familiar board-and-pieces mode, which prevents players from moving out
of turn and always moves them the right number of steps in the right direction
[Remember: the dice, the counters and the game were all developed independently],
there is also an "immersive" mode, in which the players shrink
down so that the houses and hotels on the board seem life-size.
How does the browser know how much to shrink the avatars, and how to
adjust their location and speed of motion? Alternatively, if the "shrinkage"
is simply realized by transporting the players into a different scene,
how are the actions in that scene replicated on the board in Art's living
- Two days after the memorable Monopoly game, Art discovers that the
dogbot has left him a gift: a lumpy brown object behind the sofa. Note:
Chuck's avatar brought the dogbot into the scene; this imported object
then created a new object which remained in the scene after its (uninvited
and unmanaged) creator left. When clicked, the brown heap turns out
to be -- not what you thought, but a puppy, which runs around like mad
and leaves bright yellow stains on the furniture.
If this is beginning to sound like a virus, then our point is made. Multi-user
virtual worlds, like any shared application, will require a full range
of reliable mechanisms for protecting their content from inappropriate
access and manipulation.
This scenario exposes the complexity of the "distribution"
that must be managed to make immersive social applications possible. Virtual
online communities will not be designed by single authors, they will not
be constructed entirely in any one language, and they will not be under
any one operator's control. Rather, they will have to support continual
negotiations among objects created without any knowledge of each other,
some of which will be "driven" (at times) by unpredictable humans,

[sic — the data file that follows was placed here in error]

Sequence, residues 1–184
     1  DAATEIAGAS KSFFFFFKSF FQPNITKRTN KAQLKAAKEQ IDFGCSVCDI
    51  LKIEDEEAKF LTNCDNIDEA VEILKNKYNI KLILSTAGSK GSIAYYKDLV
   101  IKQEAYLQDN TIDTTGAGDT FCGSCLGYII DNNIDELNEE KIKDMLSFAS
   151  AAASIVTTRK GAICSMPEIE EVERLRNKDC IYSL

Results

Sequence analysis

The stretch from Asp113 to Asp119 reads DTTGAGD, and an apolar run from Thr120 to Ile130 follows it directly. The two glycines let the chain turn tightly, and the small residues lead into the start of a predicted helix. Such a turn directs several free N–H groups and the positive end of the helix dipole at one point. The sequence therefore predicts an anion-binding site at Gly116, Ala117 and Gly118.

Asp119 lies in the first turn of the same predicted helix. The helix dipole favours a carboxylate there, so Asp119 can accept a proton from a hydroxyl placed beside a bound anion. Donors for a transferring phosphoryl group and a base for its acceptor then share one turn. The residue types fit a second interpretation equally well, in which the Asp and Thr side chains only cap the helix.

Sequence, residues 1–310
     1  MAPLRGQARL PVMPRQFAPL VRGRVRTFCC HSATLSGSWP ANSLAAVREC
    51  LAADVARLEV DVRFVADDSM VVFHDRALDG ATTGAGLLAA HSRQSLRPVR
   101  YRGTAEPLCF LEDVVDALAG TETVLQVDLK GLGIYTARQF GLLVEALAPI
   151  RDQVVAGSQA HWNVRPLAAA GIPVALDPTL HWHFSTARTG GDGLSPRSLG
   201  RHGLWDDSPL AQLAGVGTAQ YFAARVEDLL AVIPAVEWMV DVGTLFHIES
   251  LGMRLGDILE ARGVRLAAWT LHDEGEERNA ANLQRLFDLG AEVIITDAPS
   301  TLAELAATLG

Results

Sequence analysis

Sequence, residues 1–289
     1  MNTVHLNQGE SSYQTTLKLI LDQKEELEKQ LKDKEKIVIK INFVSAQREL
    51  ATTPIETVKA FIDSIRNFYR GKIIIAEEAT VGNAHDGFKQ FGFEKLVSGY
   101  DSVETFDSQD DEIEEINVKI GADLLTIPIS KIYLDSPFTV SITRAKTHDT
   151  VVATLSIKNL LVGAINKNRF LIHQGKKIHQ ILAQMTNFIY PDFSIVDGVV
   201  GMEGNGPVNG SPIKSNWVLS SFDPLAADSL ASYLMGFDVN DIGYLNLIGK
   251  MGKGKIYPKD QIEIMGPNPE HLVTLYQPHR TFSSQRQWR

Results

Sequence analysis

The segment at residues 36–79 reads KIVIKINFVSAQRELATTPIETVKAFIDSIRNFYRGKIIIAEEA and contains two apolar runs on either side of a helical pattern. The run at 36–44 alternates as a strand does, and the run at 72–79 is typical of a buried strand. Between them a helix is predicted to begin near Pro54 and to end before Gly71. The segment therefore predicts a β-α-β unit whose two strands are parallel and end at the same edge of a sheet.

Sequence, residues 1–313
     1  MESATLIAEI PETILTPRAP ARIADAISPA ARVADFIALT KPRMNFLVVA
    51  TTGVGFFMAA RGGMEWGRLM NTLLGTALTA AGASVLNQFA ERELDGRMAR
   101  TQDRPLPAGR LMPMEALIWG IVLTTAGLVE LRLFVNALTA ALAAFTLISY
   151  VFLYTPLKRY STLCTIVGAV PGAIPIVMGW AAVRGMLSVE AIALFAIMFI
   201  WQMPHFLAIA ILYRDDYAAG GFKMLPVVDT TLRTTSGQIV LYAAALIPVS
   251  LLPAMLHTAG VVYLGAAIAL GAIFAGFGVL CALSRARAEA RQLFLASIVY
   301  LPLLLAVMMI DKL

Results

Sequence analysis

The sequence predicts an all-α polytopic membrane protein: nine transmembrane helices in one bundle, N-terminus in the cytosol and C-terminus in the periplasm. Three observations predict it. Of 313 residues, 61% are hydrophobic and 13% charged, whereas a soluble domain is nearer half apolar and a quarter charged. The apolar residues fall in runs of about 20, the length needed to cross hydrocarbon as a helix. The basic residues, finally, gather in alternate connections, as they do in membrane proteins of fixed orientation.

and the effects of multiple, independently authored, more or less arbitrarily
interacting application programs.
Ten Technical Requirements
We can distill our scenario into a double handful of technical requirements
that will have to be met by any interpersonal/interopable VRML environment.
These include the ability to:
- Insert/Delete objects (e.g. avatars) in scenes at run-time
(more generally: to modify the structure of the scene graph)
- Merge multiple sound streams from distributed sources into the
shared scene's current ambient sound (e.g. voices over music)
- Track and communicate the state/behavior of objects in real time
(this implies a database of "who needs to know what how often?")
- Allow (sets of) objects to be "driven" by users in real
(i.e. provide a UI as well as an API to runtime object control)
- Let imported objects become persistent
(i.e. make them a permanent part of the scene)
- Protect the scene from damage by imported objects
(ultimately, this implies the whole range of data-integrity issues)
- Assign objects to a series of different "owners"
(to insure control over access to object behavior)
- Support persistent roles (for people) and rules (for scenes)
(i.e. a use-model for scene/object access controls)
- Link objects dynamically to external data/functions
(in particular, to support authentication certificates)
- Support the free exchange of information among objects
(from chat and business cards to arbitrary data containers/streams).
The Living Worlds initiative aims to provide standard VRML interfaces
to support all these features; the Open Community work proposes
a data model and an API with which they might be implemented as a set of
- Bob Rockwell
© 2001 blaxxun interactive. All rights reserved.